JOSÉ SOCRATES, Prime Minister of Portugal, said his country was guided by the principles of national independence, respect for human rights, equality between States and peaceful conflict resolution, all of which were inscribed in the Constitution. Indeed, avoiding war was among the noblest of objectives and the United Nations Charter defined the way States should act to prevent or remove threats to peace. A contributor to United Nations peacekeeping operations, Portugal was present in places as diverse as Afghanistan, Southern Lebanon, the Western Balkans and the Democratic Republic of the Congo.
The coming year, he said, would be critical to the Middle East peace process and he welcomed renewed negotiations between Israel and Palestinian authorities with a view to realizing a two-State solution. In Afghanistan, the results of the Kabul Conference would need to be complemented at the NATO summit in Lisbon. International peace and security, however, required effective multilateralism, and the United Nations must be “the central and dynamic platform” to fight every form of terrorism. Thus, any reforms must reinforce - not weaken - the goals that presided over its creation. The Organization’s universalism must be strengthened, as it was the sole body where all States, including small and middle-sized countries, had their own say in solving global problems.
Establishment of the Peacebuilding Commission - an idea put forward by Portugal – had marked a significant step in the reform process. He urged enlarging the Security Council into a more representative and transparent body, saying it was illogical that Brazil and India still were not permanent members. Africa also must be considered for permanent membership. As for the Millennium Development Goals, he said Portugal was firmly committed to applying the agreed political vision to reach the objectives over the next five years. In that context, he called for more participation of developing countries and regional groupings in debates about reforming global financial institutions.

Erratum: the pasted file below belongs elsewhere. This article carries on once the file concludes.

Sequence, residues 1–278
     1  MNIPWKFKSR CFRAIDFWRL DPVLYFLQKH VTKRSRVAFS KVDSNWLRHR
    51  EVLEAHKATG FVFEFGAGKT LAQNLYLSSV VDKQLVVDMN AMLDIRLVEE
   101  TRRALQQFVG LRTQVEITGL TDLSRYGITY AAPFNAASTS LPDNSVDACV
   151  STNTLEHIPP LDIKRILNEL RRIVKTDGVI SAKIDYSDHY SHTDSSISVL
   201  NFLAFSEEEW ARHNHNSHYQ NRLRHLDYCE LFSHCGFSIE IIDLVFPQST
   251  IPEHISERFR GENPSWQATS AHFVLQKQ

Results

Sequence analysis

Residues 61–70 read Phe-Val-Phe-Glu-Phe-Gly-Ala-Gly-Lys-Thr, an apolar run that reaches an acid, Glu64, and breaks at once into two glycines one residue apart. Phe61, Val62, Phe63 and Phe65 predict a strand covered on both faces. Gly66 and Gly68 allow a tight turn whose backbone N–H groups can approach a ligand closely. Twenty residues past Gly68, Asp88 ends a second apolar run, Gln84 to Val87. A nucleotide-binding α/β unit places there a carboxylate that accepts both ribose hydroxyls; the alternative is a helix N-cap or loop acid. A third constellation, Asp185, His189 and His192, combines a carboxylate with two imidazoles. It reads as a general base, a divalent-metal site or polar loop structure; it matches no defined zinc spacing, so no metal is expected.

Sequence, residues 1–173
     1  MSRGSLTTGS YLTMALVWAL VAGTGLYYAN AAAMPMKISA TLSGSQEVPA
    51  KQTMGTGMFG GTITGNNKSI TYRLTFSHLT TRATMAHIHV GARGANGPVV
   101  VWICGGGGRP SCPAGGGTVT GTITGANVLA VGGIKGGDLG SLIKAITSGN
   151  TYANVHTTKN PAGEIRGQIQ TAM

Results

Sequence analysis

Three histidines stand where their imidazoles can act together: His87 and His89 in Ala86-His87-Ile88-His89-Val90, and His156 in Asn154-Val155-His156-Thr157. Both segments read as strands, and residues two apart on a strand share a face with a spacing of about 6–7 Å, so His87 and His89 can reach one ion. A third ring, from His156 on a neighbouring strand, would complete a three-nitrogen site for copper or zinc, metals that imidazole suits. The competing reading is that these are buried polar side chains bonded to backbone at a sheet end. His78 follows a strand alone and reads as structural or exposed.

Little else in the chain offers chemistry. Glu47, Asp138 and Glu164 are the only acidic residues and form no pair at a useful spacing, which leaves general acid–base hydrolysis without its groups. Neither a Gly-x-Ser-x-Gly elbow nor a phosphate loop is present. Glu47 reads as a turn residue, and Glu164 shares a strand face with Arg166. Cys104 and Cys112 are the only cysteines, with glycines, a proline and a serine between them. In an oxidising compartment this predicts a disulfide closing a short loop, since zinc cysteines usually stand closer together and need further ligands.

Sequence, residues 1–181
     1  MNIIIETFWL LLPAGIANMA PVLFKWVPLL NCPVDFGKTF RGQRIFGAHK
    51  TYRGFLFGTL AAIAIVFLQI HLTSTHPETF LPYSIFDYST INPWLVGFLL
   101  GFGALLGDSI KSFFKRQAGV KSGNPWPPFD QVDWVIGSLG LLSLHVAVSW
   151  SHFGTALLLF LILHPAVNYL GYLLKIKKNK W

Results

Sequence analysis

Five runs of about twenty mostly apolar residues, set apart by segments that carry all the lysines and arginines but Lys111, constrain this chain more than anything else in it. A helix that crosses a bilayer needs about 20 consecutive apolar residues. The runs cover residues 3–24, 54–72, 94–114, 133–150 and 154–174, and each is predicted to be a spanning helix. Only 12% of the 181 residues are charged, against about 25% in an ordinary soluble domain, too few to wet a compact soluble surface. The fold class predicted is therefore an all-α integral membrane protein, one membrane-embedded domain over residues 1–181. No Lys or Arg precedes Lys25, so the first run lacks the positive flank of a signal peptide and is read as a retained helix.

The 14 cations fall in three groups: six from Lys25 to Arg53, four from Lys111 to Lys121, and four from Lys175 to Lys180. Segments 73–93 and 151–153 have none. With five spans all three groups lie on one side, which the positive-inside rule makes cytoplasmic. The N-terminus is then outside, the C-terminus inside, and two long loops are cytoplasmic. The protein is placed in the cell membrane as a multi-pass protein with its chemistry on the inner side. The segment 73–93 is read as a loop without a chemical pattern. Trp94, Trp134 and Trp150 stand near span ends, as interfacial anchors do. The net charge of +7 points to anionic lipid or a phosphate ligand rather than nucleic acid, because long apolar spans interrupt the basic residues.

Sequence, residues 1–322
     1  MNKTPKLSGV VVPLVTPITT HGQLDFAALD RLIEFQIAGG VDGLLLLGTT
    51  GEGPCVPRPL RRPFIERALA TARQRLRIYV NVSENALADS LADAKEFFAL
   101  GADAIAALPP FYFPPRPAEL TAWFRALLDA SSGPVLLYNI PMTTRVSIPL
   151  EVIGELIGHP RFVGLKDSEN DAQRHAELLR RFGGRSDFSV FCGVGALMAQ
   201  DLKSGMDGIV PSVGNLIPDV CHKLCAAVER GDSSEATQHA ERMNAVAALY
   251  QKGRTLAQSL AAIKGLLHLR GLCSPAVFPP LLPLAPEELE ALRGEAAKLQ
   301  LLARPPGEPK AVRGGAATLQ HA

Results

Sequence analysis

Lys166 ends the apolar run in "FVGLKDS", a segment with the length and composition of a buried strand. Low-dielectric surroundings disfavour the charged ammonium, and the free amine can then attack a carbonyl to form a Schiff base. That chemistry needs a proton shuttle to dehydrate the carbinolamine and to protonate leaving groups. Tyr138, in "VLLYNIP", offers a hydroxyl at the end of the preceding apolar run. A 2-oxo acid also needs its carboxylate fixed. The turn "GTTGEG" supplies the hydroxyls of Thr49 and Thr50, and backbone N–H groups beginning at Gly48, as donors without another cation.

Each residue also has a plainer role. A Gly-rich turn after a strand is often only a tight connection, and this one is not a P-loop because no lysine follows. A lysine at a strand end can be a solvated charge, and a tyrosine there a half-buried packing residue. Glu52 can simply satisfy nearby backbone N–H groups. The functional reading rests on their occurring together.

On climate change, he said Portugal was already producing 45 per cent of its electricity from renewable sources and working to achieve 60 per cent. It ranked second in the use of renewables in its energy mix and had shared such knowledge with others in adaptation and mitigation activities within the Copenhagen framework. Urgent measures were needed to mitigate the vulnerability of least developed countries and small island developing States to climate change. Finally, he said Portugal’s conduct in the United Nations was rooted in its capacity for open dialogue. It sought active participation in all bodies of rotational composition, especially the Security Council.